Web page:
It all starts with reporting all feedback grading uniformly. I am using Google classroom as my feedback grade book for students, whether manually grading there or importing into it the feedback grading from GoFormative, EdPuzzle, etc., the trick is to make everything worth the same number of points. Once you are ready to report the C/NC grades you will need to download the complete grade book you want to transform as a CSV. In Google classroom, this means going into any of your assignments and clicking on the cog you see on the top right.
Once you have your grade spreadsheet, it is simply a matter of adding an IF statement that references the cell you'd like to change into C/NC. The formula is
=IF(E6>6,"C", IF(E6<=6, "NC"))
Where E6 is the cell that has the grade, and 6 is the points threshold that I decided on as the lower limit of "completeness". C and NC can be whatever you want it to report out.
Once you have that formula in place, it is simply a matter of dragging it down and across to copy it. Both Google sheets or Excell will automatically change the cell references.
Once that is done, your spreadsheet is ready to be uploaded to whichever LMS you are using. While you will have to do it again any time you update your grades, it will at least save you some time and keystrokes.
Have you found any other shortcuts to deal with this new normal? I'd love to hear about them.
Sunday, April 12, 2020
A while back I shared 8 Reasons to Love GoFormative. All of what I mentioned back then still holds true, but in this new era of remote teaching, GoFormative has become the most powerful tool in my teaching arsenal. Let me share why.
It is important to note that some of the awesome things I'll be sharing are available to premium/partner users. However also important to state that GoFormative is offering access to their premium features for those facing school closures and that any premium features you use during this time remain active in your Formatives even if later you downgrade to a free plan.
GoFormative and Google Classroom
GoFormative "talks" to Google Classroom. There is nothing worse than trying to introduce a new tool to students. That initial walk-through of setting up student accounts, having students remember passwords, etc is a pain even in the best of times. GoFormative allows you to import your classes, assign work and pass back scores to Google classroom. Students do not have to do anything other than click on the assignment in their Google classroom, log in to GoFormative using their Google credentials and get to the actual work at hand.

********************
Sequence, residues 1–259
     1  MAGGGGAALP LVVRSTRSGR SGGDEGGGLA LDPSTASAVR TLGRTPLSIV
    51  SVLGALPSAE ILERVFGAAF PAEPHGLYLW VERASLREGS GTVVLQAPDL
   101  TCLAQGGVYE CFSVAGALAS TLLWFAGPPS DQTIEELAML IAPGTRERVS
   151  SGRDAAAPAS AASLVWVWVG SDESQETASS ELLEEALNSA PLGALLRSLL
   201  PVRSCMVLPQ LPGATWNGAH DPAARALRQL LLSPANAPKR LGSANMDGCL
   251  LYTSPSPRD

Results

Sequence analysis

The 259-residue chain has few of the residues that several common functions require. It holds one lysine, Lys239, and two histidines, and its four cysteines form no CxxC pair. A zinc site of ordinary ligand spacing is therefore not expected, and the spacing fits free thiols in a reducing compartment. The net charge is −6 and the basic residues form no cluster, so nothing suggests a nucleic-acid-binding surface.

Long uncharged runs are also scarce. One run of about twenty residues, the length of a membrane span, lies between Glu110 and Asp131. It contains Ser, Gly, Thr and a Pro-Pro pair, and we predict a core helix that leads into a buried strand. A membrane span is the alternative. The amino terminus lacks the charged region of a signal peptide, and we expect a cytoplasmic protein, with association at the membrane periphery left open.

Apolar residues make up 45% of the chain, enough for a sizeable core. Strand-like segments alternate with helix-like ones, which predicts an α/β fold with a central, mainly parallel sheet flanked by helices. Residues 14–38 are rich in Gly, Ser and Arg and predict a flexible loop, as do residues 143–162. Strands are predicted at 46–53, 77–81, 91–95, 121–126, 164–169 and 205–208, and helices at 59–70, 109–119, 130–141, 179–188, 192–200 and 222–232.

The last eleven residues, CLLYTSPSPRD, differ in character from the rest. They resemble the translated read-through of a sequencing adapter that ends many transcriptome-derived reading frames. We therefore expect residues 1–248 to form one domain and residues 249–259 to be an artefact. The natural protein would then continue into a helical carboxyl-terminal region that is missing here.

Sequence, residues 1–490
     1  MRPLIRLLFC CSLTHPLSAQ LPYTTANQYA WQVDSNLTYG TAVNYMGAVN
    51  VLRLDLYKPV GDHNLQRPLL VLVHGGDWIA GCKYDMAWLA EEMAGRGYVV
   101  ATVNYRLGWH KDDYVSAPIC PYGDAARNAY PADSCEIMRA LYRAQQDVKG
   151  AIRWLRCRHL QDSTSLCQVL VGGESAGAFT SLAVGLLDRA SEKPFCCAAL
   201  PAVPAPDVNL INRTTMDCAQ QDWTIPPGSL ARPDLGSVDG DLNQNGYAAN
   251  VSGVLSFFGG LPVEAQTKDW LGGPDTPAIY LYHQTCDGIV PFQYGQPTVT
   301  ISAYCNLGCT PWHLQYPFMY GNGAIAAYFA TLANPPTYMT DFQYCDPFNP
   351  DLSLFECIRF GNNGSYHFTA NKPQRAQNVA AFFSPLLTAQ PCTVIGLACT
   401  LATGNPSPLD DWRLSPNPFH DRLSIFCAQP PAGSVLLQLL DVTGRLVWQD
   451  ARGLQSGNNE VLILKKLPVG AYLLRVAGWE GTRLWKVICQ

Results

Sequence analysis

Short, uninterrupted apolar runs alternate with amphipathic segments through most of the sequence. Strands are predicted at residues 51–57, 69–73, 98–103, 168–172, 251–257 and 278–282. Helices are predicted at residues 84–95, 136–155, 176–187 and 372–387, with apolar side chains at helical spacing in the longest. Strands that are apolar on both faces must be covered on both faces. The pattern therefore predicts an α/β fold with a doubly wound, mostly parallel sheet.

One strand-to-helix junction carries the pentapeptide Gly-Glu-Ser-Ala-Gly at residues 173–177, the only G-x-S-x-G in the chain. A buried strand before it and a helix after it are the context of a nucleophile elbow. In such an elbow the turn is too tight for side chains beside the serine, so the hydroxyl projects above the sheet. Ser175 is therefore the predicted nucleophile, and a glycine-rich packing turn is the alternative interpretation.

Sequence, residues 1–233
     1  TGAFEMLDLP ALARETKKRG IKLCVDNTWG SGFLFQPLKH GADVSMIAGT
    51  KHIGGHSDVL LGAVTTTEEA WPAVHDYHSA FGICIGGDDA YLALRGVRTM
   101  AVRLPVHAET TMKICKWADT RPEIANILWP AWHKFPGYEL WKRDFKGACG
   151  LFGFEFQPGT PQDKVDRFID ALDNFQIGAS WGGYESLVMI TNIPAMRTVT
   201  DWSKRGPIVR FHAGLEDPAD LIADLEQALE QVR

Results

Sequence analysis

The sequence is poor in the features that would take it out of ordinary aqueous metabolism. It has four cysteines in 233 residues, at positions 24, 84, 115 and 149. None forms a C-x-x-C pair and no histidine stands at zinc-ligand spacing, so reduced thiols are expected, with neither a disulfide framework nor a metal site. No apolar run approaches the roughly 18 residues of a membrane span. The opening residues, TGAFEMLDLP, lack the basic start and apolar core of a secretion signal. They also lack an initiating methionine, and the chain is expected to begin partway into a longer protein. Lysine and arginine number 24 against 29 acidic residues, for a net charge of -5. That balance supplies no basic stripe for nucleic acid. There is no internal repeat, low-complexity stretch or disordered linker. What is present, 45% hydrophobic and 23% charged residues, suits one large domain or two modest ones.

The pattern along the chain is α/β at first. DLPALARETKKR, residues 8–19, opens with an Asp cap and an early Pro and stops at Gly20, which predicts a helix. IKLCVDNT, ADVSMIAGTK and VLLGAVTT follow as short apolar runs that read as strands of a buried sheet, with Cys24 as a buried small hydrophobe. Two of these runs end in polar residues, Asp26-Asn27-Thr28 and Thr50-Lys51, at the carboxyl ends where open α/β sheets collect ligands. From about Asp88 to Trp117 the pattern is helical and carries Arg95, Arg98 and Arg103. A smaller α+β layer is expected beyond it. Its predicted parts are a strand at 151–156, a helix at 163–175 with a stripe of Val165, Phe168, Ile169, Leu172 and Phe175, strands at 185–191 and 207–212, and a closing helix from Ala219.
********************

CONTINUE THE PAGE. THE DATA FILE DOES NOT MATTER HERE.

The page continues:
Everything in One Place
This is the best part. GoFormative allows you to embed practically anything directly into your formative assignment. What this means is that you can have a full lesson on Formative that starts with a screencast or video, then a simulation, followed by a slideshow and a Quizziz, all in one place. No need for students to open up new tabs or get lost while trying to remember where to go.
Last week I was tasked to give a PD on using GoFormative for distance learning and created this slideshow walking you through what I consider the best things to embed for distance learning.
And just to be clear, embedding is not a premium feature. It is always available as a stand-alone embed, though as a premium partner you can embed directly into a question type.
And while we are on the subject of embedding, if you embed a Google document using the "second way" mentioned above, and give editing rights to the document to your students, you can effectively transform that document into a discussion board that the students can type into while still in GoFormative!
Real-Time feedbackOnce students are working in your Formative, you can give feedback in real-time or asynchronously. This GoFormative article shows you how. Now, while in a Google meet (or Zoom), you can also choose to display the student answers, hiding their names (which is an actual feature in GoFrmative) and have a full discussion about their answers.
If you don't know where to start or just want to find something quickly, GoFormative also has a library of teacher-created Formatives shared by teachers that can help pave the way to your use of GoFormative during this time.
Some more information about the use of GoFormative during school closures, including a recording of a webinar that walks you through setting everything up can be found in their article "COVID-19 Virtual Classroom Action Plan"
This is how GoFormative has made my transition to remote teaching easy. How about you, what tools are you using and found especially powerful during these times?